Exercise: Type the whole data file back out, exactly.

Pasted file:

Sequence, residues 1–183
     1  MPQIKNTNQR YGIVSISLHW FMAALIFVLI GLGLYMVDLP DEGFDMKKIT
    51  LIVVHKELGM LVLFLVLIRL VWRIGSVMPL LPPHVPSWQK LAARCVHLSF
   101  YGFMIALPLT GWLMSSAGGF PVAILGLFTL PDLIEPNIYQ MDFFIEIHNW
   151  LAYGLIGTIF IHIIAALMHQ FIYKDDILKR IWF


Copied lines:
Sequence, residues 1–183
     1  MPQIKNTNQR YGIVSISLHW FMAALIFVLI GLGLYMVDLP DEGFDMKKIT
    51  LIVVHKELGM LVLFLVLIRL VWRIGSVMPL LPPHVPSWQK LAARCVHLSF
   101  YGFMIALPLT GWLMSSAGGF PVAILGLFTL PDLIEPNIYQ MDFFIEIHNW
   151  LAYGLIGTIF IHIIAALMHQ FIYKDDILKR IWF